The effect of binocular vision disorders on cave surveying accuracy

This article – by Mark Dougherty – was printed in Cave and Karst Science (vol. 33, no.2, pp 51-54). A summary is presented here. 


Binocular vision disorders are relatively common and can have a detrimental effect on compass and clinometer readings taken with conventional sighting instruments unless suitable precautions are taken. This article sets out to highlight the effect on survey accuracy, and suggests practical measures that can be taken to mitigate their effects. 

If a person has perfect binocular vision both eyes point in exactly the same direction. A person whose eyes have a tendency to drift relative to one another in the absence of a visual cue to stay aligned has a phoria. This can clearly be a problem when using sighting instruments when one eye is focussed on the target station and the other is focussed on the scale of the instrument. 

The most common phoria is heterophoria in which one of the eyes has a tendency to move in the horizontal plane. The condition is divided into two subclasses: esophoria and exophoria, which refer to the case where the eye drifts inwards or outwards respectively, as illustrated in Figure 1. If this disorder is sufficiently severe it can affect the accuracy of compass readings if it is not identified, but will have no effect on clinometer readings. Although the precise proportion of the population that suffer form this disorder to such a degree is unknown, the numbers appear to be significant. Hyperphoria refers to the analogous (much rarer) disorder in which the eye drifts in the vertical plane. In this case, clinometer readings may be affected whilst compass readings will be correct.

 The author suffers from fairly severe esophoria. When performing a sighting on a tree sighted at a distance of 15m, the difference between compass readings sighted with his right and left eyes was 8°. This example provides an illustration of the potential scope of the problem. It is suggested that cavers should ideally test their eyes for heterophoria and hyperphoria by sighting compass and clinometer on a distant point with each eye in turn and looking for consistent differences between the readings. 

A number of simple methods for coping with the problem present themselves: 

  • •measure each leg twice, once with each eye, and average the results; 
  •  turn your head on its side when reading the instrument that would be erroneously recorded such that the axis in which your eye drifts is always in line with the rotation axis of the instrument; 
  •  sight with one eye over the top of the instrument; 
  •  wait until the reading has fully stabilised before recording it, since for people with a mild phoria the eye eventually stabilises on the direction parallel with the other eye. 

The use of instruments with a built in laser sight that has to be aligned on the distant station also eliminates the problem.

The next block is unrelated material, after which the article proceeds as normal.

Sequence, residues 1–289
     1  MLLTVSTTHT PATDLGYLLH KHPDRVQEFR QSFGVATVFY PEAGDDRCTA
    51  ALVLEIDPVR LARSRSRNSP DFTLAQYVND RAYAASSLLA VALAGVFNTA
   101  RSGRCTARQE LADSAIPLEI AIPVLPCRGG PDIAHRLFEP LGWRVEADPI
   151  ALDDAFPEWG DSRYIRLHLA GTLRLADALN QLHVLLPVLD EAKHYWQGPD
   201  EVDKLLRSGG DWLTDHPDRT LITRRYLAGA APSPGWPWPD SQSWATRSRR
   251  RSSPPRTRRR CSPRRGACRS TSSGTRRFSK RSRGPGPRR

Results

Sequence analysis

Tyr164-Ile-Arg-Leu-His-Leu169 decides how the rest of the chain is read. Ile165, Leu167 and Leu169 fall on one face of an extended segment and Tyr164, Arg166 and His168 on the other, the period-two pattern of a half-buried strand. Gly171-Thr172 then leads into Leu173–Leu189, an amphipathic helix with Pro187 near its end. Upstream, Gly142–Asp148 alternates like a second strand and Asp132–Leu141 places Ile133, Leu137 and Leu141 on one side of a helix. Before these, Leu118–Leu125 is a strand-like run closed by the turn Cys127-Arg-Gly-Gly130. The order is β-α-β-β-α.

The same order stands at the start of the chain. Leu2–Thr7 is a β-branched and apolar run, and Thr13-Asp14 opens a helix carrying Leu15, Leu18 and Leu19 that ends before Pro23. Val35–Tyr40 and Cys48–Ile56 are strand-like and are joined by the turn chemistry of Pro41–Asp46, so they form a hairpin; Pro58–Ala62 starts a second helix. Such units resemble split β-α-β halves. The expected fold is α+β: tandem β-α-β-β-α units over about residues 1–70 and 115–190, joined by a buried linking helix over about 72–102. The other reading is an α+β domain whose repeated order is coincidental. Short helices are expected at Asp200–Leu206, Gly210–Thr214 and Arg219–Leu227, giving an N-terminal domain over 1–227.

It may be tempting to assume that the issue can be addressed by performing an instrument calibration to determine the magnitude of the problem, then noting the eye with which each reading was taken during the survey and applying the appropriate correction. However, the angle of convergence or divergence is not constant and can vary according to several factors. 

  • The problem is often worse under high illumination levels, so if calibration is performed in bright sunlight the corrections obtained may not be applicable to readings taken underground. It is therefore advisable to perform calibration in lower lighting conditions that more closely approximate those experienced in the cave. 
  •  Tiredness can exacerbate the effect, so that the error increases over the course of a long surveying trip. 
  •  The amount of convergence or divergence between eyes may be variable on the distance to the sighting object. The author found that the 8° difference when sighting on an object 15m distant was reduced to 4° when sighting on a closer target 3m away. 

Overall, it is clear that using one of the methods to mitigate the effect of a phoria is preferable to relying on calibration readings. If it becomes apparent that a someone with a phoria has operated instruments in a cave, it may be possible to correct for the effects if they perform a calibration on multiple targets at different sighting distances under subdued lighting conditions. The correction can only be applied if it is known that the surveyor generally sights with one eye or the other so that the correction can be applied in the right direction. 

The author concludes that binocular vision disorders are potentially a very serious source of errors in cave surveying if they are not identified and their effects mitigated. He suggests that the following clause be added to the notes that supplement the BCRA surveying grades: 

“To obtain grade 5, the surveyor(s) reading the instruments must be either known to not suffer from binocular vision disorders, or active precautions against such errors must be made.”